Flashcards in Assessment of incidental adrenal mass Deck (12):
Most common tumor in adults
10% adrenocortical Ca
Common-> non-secreting adrenal adenoma
Adrenal cyst, myelolipomas, hemangiomas, ganglioneuroma
Adrenal malignant melanoma
Clinical signs of hormone overproduction
Mass effect->abdominal pain
Features of primary hyperaldosteronism
Hypokalemia induced nephrogenic diabetes insipidus
Electrolytes: hypokalaemia may suggest hyperaldosteronism; hypokalaemia may be present in Cushing's syndrome.
Fasting lipid profile: hyperlipidaemia may be present in Cushing's syndrome.
Fasting blood glucose: hyperglycaemia may be present in Cushing's syndrome or phaeochromocytoma.
FBC: leukocytosis with neutrophilia may occur in Cushing's syndrome.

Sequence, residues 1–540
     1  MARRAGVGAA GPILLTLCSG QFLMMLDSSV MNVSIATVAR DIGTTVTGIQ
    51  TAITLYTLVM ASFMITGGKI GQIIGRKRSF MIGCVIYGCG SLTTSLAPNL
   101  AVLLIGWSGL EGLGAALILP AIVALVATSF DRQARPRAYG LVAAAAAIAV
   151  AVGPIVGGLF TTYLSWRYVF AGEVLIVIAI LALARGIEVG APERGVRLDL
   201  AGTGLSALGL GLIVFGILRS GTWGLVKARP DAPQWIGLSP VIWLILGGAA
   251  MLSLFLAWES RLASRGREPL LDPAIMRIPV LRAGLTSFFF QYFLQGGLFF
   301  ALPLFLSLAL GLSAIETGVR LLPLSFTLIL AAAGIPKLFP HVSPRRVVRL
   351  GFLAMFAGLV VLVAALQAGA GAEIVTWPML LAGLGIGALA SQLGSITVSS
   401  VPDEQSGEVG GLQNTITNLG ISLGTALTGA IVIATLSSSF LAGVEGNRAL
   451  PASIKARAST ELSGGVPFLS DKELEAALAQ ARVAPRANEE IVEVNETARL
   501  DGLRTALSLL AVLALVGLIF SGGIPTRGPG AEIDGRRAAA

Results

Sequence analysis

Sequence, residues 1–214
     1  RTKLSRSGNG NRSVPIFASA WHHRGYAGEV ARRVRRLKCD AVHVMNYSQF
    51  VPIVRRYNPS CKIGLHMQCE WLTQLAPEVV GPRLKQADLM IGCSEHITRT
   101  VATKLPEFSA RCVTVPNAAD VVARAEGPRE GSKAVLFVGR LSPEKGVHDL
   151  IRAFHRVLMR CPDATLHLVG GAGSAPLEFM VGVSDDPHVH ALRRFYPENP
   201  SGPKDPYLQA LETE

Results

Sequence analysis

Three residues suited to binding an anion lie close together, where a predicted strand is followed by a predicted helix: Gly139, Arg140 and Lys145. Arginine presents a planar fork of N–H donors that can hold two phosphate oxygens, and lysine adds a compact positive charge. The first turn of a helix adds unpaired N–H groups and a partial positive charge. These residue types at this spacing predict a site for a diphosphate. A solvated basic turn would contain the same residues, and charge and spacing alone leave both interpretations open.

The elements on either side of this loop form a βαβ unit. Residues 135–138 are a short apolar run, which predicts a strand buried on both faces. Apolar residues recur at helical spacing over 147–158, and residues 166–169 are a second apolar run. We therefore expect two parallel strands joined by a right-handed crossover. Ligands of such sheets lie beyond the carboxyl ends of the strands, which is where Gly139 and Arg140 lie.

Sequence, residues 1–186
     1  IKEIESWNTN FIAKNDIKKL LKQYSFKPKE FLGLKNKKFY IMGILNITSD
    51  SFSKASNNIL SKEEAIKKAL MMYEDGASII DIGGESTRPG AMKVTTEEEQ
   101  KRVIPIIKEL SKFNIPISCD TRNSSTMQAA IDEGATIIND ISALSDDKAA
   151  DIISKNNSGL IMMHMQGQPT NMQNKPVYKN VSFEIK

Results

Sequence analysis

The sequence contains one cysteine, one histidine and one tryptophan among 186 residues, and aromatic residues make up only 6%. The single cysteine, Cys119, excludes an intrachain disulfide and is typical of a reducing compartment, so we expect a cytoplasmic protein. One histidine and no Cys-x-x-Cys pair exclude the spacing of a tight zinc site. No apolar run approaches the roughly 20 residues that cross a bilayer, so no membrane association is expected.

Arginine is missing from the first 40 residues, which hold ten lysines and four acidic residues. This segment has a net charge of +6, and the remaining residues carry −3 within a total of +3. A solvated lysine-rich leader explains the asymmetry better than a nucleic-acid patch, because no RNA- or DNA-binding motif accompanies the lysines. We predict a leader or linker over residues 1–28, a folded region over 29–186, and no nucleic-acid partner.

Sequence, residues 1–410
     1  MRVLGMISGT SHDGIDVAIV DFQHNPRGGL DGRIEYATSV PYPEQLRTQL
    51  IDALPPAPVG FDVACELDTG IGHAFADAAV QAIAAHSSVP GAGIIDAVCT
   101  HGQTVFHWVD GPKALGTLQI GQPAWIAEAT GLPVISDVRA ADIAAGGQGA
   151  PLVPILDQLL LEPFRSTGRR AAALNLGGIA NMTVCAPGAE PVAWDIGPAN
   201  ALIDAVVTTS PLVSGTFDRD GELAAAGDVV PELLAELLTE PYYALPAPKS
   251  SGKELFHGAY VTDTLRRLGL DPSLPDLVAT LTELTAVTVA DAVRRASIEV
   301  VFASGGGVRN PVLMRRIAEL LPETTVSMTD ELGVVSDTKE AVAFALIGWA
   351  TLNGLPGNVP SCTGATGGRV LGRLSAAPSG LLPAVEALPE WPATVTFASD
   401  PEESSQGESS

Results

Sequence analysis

Screening test for Cushing's syndrome with late night salivary cortisol or overnight (1 mg) dexamethasone suppression test (OST).
Screening for phaeochromocytoma with fractionated plasma metanephrines.
Patients with HTN should also have plasma renin/aldosterone ratio measured to assess for hyperaldosteronism.
If screening for hormone activity positive, further testing
For Cushing's syndrome, 24-hour urine free cortisol and early morning (9 am) serum corticotropin (ACTH).
For phaeochromocytoma, 24-hour urine total metanephrines and fractionated catecholamines.
For hyperaldosteronism, plasma aldosterone concentration on an unrestricted salt diet, 24-hour urinary aldosterone excretion, and saline infusion test (saline suppression test
CT with contrast and MRI
Features of benign on imaging
Features of malignancy on imaging
>20HU on unenhanced CT
Delay in contrast medium washout
Imaging evaluation at 6-12 months
Biochemical testing annually